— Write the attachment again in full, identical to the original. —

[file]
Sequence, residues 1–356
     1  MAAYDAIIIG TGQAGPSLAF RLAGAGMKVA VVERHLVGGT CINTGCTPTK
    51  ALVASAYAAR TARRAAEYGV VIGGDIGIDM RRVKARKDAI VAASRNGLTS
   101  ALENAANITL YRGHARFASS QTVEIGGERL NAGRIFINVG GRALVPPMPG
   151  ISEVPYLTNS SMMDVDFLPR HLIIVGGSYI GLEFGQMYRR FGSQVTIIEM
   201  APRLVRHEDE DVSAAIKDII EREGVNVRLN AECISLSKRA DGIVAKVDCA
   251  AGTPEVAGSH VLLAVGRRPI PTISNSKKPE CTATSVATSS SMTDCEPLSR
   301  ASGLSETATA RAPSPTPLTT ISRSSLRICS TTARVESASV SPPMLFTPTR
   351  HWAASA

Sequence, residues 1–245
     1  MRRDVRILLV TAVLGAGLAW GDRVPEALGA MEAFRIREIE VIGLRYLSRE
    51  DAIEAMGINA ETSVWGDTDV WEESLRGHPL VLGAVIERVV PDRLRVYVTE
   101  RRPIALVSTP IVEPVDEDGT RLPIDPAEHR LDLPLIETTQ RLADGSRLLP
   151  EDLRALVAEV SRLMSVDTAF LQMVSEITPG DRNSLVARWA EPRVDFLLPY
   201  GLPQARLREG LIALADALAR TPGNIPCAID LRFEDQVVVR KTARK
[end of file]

Sequence, residues 1–356
     1  MAAYDAIIIG TGQAGPSLAF RLAGAGMKVA VVERHLVGGT CINTGCTPTK
    51  ALVASAYAAR TARRAAEYGV VIGGDIGIDM RRVKARKDAI VAASRNGLTS
   101  ALENAANITL YRGHARFASS QTVEIGGERL NAGRIFINVG GRALVPPMPG
   151  ISEVPYLTNS SMMDVDFLPR HLIIVGGSYI GLEFGQMYRR FGSQVTIIEM
   201  APRLVRHEDE DVSAAIKDII EREGVNVRLN AECISLSKRA DGIVAKVDCA
   251  AGTPEVAGSH VLLAVGRRPI PTISNSKKPE CTATSVATSS SMTDCEPLSR
   301  ASGLSETATA RAPSPTPLTT ISRSSLRICS TTARVESASV SPPMLFTPTR
   351  HWAASA

Sequence, residues 1–245
     1  MRRDVRILLV TAVLGAGLAW GDRVPEALGA MEAFRIREIE VIGLRYLSRE
    51  DAIEAMGINA ETSVWGDTDV WEESLRGHPL VLGAVIERVV PDRLRVYVTE
   101  RRPIALVSTP IVEPVDEDGT RLPIDPAEHR LDLPLIETTQ RLADGSRLLP
   151  EDLRALVAEV SRLMSVDTAF LQMVSEITPG DRNSLVARWA EPRVDFLLPY
   201  GLPQARLREG LIALADALAR TPGNIPCAID LRFEDQVVVR KTARK